ADAM proteases, defined by extracellular disintegrin and metalloprotease domains, are involved in protein processing and cell–cell interactions. Using wobbler (WR) mutant mice, we investigated the role of ADAMs in neurodegeneration and reactive glia activation in the CNS. We found that ADAM8 (CD 156), a suspected leukocyte adhesion molecule, is expressed in the CNS and highly induced in affected CNS areas of WR mice, in brainstem and spinal cord. ADAM8 mRNA and protein are found at low levels throughout the normal mouse CNS, in neurons and oligodendrocytes. In the WR CNS regions in which neurodegeneration occurs, ADAM8 is induced in neurons, reactive astrocytes, and activated microglia. Similarly, the proinflammatory cytokine tumor necrosis factor α (TNF-α) is upregulated and shows the same cellular distribution. In primary astrocytes from wild-type and WR mice, in primary cerebellar neurons, and in mouse motoneuron-like NSC19 cells, ADAM8 expression was induced up to 15-fold by mouse TNF-α, in a dose-dependent manner. In both cell types, ADAM8 was also induced by human TNF-α, indicating that TNF receptor type I (p55) is involved. Induction of ADAM8 mRNA was suppressed by treatment with an interferon-regulating factor 1 (IRF-1) antisense oligonucleotide. We conclude that IRF-1-mediated induction of ADAM8 by TNF-α is a signaling pathway relevant for neurodegenerative disorders with glia activation, proposing a role for ADAM8 in cell adhesion during neurodegeneration.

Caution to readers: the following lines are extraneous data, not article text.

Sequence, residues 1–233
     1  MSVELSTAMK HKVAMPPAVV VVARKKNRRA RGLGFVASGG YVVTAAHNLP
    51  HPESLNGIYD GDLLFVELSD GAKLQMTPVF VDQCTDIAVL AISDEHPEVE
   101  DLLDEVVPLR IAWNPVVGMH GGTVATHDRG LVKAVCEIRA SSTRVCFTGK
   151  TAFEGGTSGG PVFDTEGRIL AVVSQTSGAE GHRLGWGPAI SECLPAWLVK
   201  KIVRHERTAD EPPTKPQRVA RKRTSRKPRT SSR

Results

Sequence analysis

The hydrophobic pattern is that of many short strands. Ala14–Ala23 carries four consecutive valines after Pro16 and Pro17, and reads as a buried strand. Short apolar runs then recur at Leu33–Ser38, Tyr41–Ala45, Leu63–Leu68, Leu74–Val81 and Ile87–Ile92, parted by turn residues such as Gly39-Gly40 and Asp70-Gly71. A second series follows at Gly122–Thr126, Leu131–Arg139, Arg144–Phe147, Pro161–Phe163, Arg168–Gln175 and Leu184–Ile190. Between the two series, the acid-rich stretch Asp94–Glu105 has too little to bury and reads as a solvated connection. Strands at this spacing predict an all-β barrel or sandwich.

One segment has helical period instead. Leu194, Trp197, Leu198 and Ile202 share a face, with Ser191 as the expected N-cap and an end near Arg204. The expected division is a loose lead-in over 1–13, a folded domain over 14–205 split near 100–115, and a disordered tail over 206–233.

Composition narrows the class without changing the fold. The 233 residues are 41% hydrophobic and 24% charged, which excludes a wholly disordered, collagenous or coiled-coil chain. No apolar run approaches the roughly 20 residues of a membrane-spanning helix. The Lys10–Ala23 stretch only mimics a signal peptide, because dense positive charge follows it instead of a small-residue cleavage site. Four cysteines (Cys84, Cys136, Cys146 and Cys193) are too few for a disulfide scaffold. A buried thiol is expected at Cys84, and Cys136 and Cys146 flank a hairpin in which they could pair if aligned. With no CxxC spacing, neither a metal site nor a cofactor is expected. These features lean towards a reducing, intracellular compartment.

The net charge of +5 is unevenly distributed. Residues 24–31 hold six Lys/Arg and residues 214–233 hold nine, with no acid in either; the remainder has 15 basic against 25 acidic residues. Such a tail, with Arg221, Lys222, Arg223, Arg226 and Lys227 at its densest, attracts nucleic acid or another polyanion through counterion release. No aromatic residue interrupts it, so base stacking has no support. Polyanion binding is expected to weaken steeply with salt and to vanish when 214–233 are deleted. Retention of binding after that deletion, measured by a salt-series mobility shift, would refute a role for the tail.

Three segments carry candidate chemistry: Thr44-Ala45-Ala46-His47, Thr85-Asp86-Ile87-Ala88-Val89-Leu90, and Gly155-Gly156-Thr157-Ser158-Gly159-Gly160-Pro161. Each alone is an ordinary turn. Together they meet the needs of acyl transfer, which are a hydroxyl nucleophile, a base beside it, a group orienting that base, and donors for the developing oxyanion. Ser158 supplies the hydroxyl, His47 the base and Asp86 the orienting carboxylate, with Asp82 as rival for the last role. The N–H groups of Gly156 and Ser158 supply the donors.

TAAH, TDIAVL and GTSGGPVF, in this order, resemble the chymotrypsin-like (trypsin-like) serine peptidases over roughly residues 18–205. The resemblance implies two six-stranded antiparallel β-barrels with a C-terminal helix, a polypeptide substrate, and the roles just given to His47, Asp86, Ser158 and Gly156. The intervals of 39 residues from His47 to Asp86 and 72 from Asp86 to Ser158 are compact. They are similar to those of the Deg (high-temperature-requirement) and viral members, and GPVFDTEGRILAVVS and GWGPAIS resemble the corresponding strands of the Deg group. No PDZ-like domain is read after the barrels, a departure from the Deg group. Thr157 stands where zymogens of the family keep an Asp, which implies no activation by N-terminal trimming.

- reactive gliosis
- cell adhesion
- ADAM8 (CD 156)
- tumor necrosis factor α
In neurodegenerative diseases, neuronal cell death is usually accompanied by activation of glial cells, astrocytes, and microglia (Kreutzberg, 1996; Ridet et al., 1997;Stoll and Jander, 1999; Streit et al., 1999). Glia activation involves remodeling of the extracellular matrix (ECM) (Chen and Strickland, 1997), cell adhesion (Ridet et al., 1997) and signaling through the ECM by shedding of cytokines, cytokine receptors, and growth factors (Rose-John and Heinrich, 1994). Extracellular proteinases capable of these functions are metalloprotease-disintegrins [(ADAMs) a disintegrin and metalloprotease domain], forming a large family of proteins with structural homology to snake venom metalloprotease (Wolfsberg et al., 1995; Blobel, 1997). Approximately 30 ADAM family members have been identified in several animal species (Schlöndorff and Blobel, 1999). Proteolysis of membrane-bound surface molecules, ectodomain shedding (Peschon et al., 1997), was recently demonstrated for tumor necrosis factor α (TNF-α) (Black et al., 1997; Moss et al., 1997), heparin-binding epidermal growth factor (Izumi et al., 1998), and amyloid precursor protein (Buxbaum et al., 1998; Lammich et al., 1999), which are cleaved by ADAMs 17, 9 or 17, and 10, respectively. A role in cell adhesion has been demonstrated for ADAM12 and ADAM15. ADAM12 is involved in fusion of myoblasts (Yagami-Hiromasa et al., 1995; Zolkiewska, 1999). ADAM (MDC) 15 is the only metalloprotease-disintegrin containing, within the integrin-binding loop of the disintegrin domain, an RGD sequence (Krätzschmar et al., 1996; Herren et al., 1997), which binds to integrin avβ3(Zhang et al., 1998).